Date   

Family name used as first name #poland

Harold Lewin
 

The Births Records of the Great and Hambro Synagogues, London contain
many examples of a family name used as a first name.

Harold Lewin -
Jerusalem


JRI Poland #Poland Family name used as first name #poland

Harold Lewin
 

The Births Records of the Great and Hambro Synagogues, London contain
many examples of a family name used as a first name.

Harold Lewin -
Jerusalem


Re: Cases of 1st names sounding like surnames #general

Isabel Cymerman
 

I had a great uncle whose Hebrew name was Gutl. His grandfather, in
Vilna, was called Gutman. So it is a first name. BTW, in England he
was called Goodman.

Isabel Cymerman


JRI Poland #Poland Re: Cases of 1st names sounding like surnames #poland

Isabel Cymerman
 

I had a great uncle whose Hebrew name was Gutl. His grandfather, in
Vilna, was called Gutman. So it is a first name. BTW, in England he
was called Goodman.

Isabel Cymerman


Re: Is Ittla/Ittel Also Jettl #galicia

Abuwasta Abuwasta
 

Dear Galicianers,

Thanks to the many of you who responded privately.
The consensus and the joint experience of you all confirms that
Ittla and Ittel and Jettl is the same name.

Regards >from Amman
Jacob Rosen


Gesher Galicia SIG #Galicia Re: Is Ittla/Ittel Also Jettl #galicia

Abuwasta Abuwasta
 

Dear Galicianers,

Thanks to the many of you who responded privately.
The consensus and the joint experience of you all confirms that
Ittla and Ittel and Jettl is the same name.

Regards >from Amman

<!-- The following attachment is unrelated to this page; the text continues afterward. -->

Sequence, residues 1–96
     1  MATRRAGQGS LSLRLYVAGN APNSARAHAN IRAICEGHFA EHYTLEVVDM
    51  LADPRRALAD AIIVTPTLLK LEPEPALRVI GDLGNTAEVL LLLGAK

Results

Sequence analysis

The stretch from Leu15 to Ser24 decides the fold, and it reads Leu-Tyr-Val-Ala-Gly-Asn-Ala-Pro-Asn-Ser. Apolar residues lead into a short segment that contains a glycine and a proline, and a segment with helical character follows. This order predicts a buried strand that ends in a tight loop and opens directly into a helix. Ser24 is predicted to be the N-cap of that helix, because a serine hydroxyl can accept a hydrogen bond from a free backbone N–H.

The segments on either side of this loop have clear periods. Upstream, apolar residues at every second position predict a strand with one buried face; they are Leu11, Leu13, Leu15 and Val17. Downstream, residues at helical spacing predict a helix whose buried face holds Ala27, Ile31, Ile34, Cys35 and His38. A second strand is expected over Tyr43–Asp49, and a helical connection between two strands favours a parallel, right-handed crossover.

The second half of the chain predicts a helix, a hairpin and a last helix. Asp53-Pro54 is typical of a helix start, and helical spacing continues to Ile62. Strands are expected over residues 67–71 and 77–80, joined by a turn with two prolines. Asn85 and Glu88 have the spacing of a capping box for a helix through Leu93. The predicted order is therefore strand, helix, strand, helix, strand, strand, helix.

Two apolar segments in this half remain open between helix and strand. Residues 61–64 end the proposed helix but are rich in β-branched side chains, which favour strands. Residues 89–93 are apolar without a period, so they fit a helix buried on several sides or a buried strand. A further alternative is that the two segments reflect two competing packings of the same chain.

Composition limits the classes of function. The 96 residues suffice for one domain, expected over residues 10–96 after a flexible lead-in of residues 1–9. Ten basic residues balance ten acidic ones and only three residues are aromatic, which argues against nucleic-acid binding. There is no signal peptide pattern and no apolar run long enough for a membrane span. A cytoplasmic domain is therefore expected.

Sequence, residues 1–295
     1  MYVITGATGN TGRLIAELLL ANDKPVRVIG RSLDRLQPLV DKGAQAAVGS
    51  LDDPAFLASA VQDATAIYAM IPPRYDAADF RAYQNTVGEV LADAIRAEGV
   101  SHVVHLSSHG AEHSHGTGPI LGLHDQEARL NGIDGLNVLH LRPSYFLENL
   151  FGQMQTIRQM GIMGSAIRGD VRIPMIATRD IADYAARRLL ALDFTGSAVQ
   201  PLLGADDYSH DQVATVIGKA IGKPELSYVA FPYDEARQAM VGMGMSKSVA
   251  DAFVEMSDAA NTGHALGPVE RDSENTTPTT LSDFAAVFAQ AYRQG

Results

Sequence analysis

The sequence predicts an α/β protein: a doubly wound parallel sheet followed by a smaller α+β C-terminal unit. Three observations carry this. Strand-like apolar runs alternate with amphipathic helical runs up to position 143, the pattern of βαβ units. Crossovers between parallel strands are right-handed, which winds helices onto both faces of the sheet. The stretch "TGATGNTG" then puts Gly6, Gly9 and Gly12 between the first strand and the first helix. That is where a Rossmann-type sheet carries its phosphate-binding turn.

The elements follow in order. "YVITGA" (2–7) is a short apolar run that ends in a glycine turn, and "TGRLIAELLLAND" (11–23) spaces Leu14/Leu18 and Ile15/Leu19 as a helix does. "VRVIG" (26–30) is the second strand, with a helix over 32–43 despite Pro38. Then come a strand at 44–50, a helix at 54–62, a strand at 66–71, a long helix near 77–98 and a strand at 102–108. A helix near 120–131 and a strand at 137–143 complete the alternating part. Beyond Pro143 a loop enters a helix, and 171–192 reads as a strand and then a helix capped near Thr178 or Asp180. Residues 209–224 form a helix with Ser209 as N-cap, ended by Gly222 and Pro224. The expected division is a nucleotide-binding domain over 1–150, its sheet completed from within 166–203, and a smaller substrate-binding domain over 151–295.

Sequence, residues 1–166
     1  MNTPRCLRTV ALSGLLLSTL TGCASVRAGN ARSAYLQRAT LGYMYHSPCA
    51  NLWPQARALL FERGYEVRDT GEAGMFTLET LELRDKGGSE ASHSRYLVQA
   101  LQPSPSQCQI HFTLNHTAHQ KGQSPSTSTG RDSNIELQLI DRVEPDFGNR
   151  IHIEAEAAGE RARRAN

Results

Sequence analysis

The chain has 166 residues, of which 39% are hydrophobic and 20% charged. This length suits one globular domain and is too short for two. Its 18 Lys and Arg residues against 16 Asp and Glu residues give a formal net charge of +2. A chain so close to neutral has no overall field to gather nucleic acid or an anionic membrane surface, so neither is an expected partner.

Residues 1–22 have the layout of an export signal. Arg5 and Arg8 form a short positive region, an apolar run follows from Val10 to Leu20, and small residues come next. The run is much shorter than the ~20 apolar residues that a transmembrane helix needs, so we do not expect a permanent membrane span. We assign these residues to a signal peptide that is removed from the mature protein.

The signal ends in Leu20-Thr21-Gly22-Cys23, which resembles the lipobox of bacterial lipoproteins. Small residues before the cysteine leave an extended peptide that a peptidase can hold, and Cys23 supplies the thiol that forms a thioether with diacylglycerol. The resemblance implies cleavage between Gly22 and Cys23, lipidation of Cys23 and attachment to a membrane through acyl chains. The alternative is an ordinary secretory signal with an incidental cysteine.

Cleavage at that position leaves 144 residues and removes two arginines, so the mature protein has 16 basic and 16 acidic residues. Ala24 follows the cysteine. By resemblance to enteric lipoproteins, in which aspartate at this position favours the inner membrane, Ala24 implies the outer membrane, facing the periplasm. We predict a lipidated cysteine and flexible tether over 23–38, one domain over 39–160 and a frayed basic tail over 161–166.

Jacob Rosen


Re: Need help please [names on birth certificate]: Wolf and William #galicia

Renate Krakauer
 

I have many Wolf's in my family tree. My father, born in Poland,
was named after a Wolf and in Polish, his name was Wilo, in German,
it was Wilhelm (on papers when we came to Canada), and in Canada
it's been William (or Bill). A cousin of his named after the same
Wolf ancestor who emigrated to the USA in the 1930s was also William.
By the way, the name in Yiddish is Velvel and in Hebrew, it's Ze'ev.

Renate Krakauer


Gesher Galicia SIG #Galicia RE: Need help please [names on birth certificate]: Wolf and William #galicia

Renate Krakauer
 

I have many Wolf's in my family tree. My father, born in Poland,
was named after a Wolf and in Polish, his name was Wilo, in German,
it was Wilhelm (on papers when we came to Canada), and in Canada
it's been William (or Bill). A cousin of his named after the same
Wolf ancestor who emigrated to the USA in the 1930s was also William.
By the way, the name in Yiddish is Velvel and in Hebrew, it's Ze'ev.

Renate Krakauer


Wolf, William and Benjamin #galicia

Inacio Steinhardt
 

Jews in Galicia, once a part of the Austro-Hungarian Empire, had
usually an Jewish name and a German name. My late grandfather was
Hersh and also Herman, my late uncle Joachim was also Richard, and
my late father was Zeew, but also Wolf and William.

The second point is that the given name Zeew (Wolf) was usually
associated with Benjamin, as Yehuda was associated with Leon, etc,
My father had not Benjamin in his names, but Theodor Herzl, for
instance, was Benjamin Zeew Herzl.

Inacio

Inacio Steinhardt
Givat Savion
Ganei Tikva 55900
Israel
inacio@...
www.steinhardts.com


Gesher Galicia SIG #Galicia Wolf, William and Benjamin #galicia

Inacio Steinhardt
 

Jews in Galicia, once a part of the Austro-Hungarian Empire, had
usually an Jewish name and a German name. My late grandfather was